What is the quick ratio and how is it used? «

What is the quick ratio and how is it used?

Question: What is the quick ratio and how is it used?
The quick ratio, sometimes called the acid-test, is a more stringent test of liquidity than the current ratio. This is because it removes inventory from the equation. Inventory is the least liquid of all the current assets. A business has to find a buyer if it wants to liquidate inventory, or turn it into cash. Finding a buyer is not always easy.

Calculation of the Quick Ratio
The quick ratio is calculated from balance sheet data.

Current Assets – Inventory/Current Liabilities


If a business firm has $200 in current assets and $50 in inventory and $100 in current liabilities, the calculation is $200-$50/$100 = 1.50X. The “X” (times) part at the end is important. It means that the firm can pay its current liabilities from its current assets (less inventory) one and a half times over.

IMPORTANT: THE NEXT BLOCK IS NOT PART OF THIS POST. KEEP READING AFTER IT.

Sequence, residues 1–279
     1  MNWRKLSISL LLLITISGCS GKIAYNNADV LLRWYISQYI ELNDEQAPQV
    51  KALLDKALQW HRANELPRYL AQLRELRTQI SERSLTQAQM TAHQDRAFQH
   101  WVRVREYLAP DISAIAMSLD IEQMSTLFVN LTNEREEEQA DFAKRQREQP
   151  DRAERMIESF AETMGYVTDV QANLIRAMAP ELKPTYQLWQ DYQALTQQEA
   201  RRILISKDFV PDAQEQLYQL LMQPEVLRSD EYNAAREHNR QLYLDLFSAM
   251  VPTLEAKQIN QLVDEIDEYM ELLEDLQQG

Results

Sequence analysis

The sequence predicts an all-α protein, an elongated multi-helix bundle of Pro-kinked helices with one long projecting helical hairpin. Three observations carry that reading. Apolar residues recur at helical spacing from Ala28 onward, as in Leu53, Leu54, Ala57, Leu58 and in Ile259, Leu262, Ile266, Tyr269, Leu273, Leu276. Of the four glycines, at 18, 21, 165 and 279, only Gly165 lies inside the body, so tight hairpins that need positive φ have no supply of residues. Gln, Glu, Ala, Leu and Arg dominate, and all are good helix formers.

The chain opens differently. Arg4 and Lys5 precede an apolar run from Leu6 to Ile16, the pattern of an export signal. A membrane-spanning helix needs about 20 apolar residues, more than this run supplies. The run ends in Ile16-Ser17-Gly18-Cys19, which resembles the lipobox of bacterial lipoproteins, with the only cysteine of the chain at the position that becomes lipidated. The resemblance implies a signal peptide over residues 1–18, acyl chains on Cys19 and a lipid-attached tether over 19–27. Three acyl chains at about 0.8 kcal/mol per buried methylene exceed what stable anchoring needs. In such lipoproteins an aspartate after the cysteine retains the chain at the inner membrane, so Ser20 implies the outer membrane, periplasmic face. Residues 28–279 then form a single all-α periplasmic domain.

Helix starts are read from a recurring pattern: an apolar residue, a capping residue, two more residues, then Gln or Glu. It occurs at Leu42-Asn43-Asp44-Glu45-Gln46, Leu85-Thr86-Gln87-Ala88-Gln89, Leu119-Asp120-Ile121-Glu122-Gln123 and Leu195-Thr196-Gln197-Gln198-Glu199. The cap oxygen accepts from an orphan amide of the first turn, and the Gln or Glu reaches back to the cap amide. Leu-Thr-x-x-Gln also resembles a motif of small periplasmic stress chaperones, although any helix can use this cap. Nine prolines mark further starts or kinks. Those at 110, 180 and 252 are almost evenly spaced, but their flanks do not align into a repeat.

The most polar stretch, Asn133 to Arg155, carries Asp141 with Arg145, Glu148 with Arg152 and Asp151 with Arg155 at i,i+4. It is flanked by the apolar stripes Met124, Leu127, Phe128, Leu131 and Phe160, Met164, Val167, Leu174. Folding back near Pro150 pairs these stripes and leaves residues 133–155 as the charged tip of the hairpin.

Liquidity ratios are used to evaluate the firm’s ability to pay its short-term debt obligations such as accounts payable (payments to suppliers) and accrued taxes and wages. Short-term notes payable to a bank, for example, may also be relevant.

Interpretation and Analysis
This is obviously a good position for the firm to be in. It can meet its short-term debt obligations with no stress. If the quick ratio was less than 1.00X, then the firm would have to sell inventory to meet its obligations So, a quick ratio great than 1.00X is better than a quick ratio of less than 1.00X with regard to maintaining liquidity and not being forced into the position of having to sell inventory.


  • New ETFs From Scottrade - No Brokerage Fees

    There's no doubt that there are more exchange traded products now than ever.

    classy, black-and-white Corsair Graphite 600T case that says sci-fi, not hot rod. I want to get like eight of these things, ...
    Read More
  • 14 ETF Trading Strategies

    You may have heard of ETFs and some of you even have them in your portfolios, but not many investors are aware of the diverse ETF trading strategies these assets have to offer.

    Read More